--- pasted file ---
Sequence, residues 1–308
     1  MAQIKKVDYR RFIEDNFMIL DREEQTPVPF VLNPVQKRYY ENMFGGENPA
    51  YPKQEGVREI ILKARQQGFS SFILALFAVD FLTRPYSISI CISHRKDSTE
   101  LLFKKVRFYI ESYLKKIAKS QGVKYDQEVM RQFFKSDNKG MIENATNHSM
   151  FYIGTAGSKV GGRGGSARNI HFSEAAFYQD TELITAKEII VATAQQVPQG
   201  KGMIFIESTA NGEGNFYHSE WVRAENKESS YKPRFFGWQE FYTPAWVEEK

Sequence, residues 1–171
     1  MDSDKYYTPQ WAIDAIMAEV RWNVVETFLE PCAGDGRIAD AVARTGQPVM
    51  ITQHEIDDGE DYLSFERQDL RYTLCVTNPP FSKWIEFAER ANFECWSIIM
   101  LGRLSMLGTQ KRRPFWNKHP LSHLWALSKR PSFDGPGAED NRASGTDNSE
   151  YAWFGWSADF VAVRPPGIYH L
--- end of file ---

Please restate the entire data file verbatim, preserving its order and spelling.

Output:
Sequence, residues 1–308
     1  MAQIKKVDYR RFIEDNFMIL DREEQTPVPF VLNPVQKRYY ENMFGGENPA
    51  YPKQEGVREI ILKARQQGFS SFILALFAVD FLTRPYSISI CISHRKDSTE
   101  LLFKKVRFYI ESYLKKIAKS QGVKYDQEVM RQFFKSDNKG MIENATNHSM
   151  FYIGTAGSKV GGRGGSARNI HFSEAAFYQD TELITAKEII VATAQQVPQG
   201  KGMIFIESTA NGEGNFYHSE WVRAENKESS YKPRFFGWQE FYTPAWVEEK

Sequence, residues 1–171
     1  MDSDKYYTPQ WAIDAIMAEV RWNVVETFLE PCAGDGRIAD AVARTGQPVM
    51  ITQHEIDDGE DYLSFERQDL RYTLCVTNPP FSKWIEFAER ANFECWSIIM
   101  LGRLSMLGTQ KRRPFWNKHP LSHLWALSKR PSFDGPGAED NRASGTDNSE
   151  YAWFGWSADF VAVRPPGIYH L